The Managing Director of the Niger Delta Development Commission, NDDC, Mr. Nsima Ekere, has identified poor governance as the biggest challenge to achieving the sustainable development of the Niger Delta region.
Mr. Ekere was delivering a paper titled, “Dangerous Beasts and How to Tame Them: The 4-R Strategy”, at the beginning of a three-day retreat of the Commission at Onne, Rivers State, on Friday.
“Poor governance of self and institutions,” the NDDC boss said, “is at the heart of public sector delivery challenges and these have resulted to poorly delivered infrastructure which decays rapidly, lack of social services, pervasive poverty, resurgent militant attacks, pollution of the environment and decreased revenue to government.”
He disclosed that the Niger Delta Master Plan, which originally required 15 years to implement at a cost of $50 billion has failed despite the region receiving $40 billion in ten years, declaring: “Sadly, there is little evidence to show for the sums spent.”
Mr. Ekere also stated that 50 years ago, “Nigeria, China and South Korea were at similar stages of development, but due to poor governance, Nigeria is way behind,” pointing out that while the 1960 per capita income of the three countries were $155 for South Korea, $89 for China and $92 for Nigeria. By 2015, according to the World Bank, the per capita income stood at $27,221 for South Korea, with a population of 50 million, $8,000 for China with a population of 1,370 million and $2,600 for Nigeria, with a population of 180 million people, he said.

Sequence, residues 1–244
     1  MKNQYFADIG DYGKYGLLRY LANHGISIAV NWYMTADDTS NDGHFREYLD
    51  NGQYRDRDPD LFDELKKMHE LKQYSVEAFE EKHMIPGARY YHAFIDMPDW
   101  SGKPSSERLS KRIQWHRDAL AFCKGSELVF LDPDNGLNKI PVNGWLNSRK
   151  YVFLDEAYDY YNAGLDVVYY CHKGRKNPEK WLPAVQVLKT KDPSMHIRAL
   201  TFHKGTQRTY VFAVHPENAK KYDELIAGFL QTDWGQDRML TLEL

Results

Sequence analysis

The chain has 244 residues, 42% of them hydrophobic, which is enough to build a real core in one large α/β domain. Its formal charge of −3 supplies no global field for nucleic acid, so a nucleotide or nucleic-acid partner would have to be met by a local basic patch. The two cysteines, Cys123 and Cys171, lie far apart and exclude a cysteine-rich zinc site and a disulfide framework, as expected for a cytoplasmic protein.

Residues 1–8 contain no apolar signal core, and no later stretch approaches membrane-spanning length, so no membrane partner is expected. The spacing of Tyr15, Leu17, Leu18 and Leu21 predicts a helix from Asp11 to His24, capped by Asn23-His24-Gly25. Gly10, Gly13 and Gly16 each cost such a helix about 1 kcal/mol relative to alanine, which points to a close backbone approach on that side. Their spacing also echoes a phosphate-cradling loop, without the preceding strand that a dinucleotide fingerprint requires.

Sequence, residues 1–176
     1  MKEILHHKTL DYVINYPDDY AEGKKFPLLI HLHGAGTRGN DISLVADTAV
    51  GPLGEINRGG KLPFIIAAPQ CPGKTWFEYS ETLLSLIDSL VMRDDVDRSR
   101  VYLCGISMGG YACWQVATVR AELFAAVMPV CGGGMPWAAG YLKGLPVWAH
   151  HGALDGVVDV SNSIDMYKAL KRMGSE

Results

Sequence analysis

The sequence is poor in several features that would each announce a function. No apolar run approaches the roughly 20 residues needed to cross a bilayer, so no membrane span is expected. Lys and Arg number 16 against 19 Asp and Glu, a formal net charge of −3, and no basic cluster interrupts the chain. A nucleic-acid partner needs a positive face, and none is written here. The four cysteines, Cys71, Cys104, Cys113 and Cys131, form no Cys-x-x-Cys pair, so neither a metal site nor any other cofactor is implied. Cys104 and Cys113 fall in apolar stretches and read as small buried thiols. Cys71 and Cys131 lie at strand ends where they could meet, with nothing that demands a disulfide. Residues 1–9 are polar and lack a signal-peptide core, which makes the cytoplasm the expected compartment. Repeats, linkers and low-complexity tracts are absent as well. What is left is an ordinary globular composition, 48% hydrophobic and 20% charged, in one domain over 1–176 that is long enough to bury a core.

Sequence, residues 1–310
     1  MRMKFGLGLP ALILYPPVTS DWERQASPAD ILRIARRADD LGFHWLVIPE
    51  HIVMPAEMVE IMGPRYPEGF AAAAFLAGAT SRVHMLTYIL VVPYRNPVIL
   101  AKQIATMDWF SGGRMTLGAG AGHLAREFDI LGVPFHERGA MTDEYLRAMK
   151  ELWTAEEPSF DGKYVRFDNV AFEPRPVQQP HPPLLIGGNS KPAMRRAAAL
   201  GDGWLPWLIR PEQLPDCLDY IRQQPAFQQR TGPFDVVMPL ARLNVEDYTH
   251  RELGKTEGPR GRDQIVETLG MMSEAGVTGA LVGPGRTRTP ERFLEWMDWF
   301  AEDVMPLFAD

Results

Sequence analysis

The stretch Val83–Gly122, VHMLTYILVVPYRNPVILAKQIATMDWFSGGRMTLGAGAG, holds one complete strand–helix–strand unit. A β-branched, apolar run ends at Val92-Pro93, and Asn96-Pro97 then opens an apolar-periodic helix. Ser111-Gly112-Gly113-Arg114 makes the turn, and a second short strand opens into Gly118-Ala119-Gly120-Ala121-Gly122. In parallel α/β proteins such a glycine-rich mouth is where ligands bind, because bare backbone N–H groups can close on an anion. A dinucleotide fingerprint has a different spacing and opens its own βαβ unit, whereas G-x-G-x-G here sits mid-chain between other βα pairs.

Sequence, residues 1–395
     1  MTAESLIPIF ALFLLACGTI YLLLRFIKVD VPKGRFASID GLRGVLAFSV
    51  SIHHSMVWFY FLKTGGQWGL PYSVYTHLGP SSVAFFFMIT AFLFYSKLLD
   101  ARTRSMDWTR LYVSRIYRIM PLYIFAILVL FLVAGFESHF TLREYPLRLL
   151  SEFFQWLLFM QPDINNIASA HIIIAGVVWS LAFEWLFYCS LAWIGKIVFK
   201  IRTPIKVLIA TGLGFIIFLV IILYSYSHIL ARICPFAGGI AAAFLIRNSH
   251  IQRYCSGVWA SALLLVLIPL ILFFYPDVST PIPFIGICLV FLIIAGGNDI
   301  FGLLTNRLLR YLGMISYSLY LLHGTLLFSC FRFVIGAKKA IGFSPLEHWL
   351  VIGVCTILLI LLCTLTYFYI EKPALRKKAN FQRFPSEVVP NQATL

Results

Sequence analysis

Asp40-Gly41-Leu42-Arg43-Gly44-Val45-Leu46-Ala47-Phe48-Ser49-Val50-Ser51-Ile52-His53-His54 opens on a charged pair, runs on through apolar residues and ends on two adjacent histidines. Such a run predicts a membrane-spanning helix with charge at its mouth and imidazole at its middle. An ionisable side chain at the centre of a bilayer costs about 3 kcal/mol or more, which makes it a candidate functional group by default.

He identified weak internal processes, procedures and control, weak organisational culture and unethical practices, among others, as factors impeding the successful implementation of the NDDC mandate and declared that the 4-R Initiative of the Governing Board was set to change things for the better.
“The 4-R strategy encapsulates the solution required to address the myriad challenges facing NDDC,” the NDDC MD said, adding that the Board will restructure the balance sheet, reform governance protocols, restore the core mandate of the Commission and reaffirm “a commitment to doing what’s right and proper.”
Mr. Ekere said: “With about N1.2 trillion of the contingent liabilities on its balance sheet, NDDC needs to find ways to free funds for urgent development projects and programmes,” promising to review over-invoiced projects, determine wrongly procured contracts and recover mobilisation from abandoned projects
“We will also recover excess bank charges, recover outstanding IOC contributions and reschedule payment of outstanding statutory contributions of the Federal Government.”
He called for collaboration among stakeholders to achieve sustainable development in the Niger Delta, adding that the NDDC Governance and Reform Project (NGRP) will “catalyse the irreversible reform of the NDDC by enforcing compliance with rules and regulations.
“We must begin to do the right thing in the Commission, no matter what it takes. Two things are likely to happen: it’s either we tame the beast or we get bitten by the beast. We hope to tame the beast, for the good of the people.”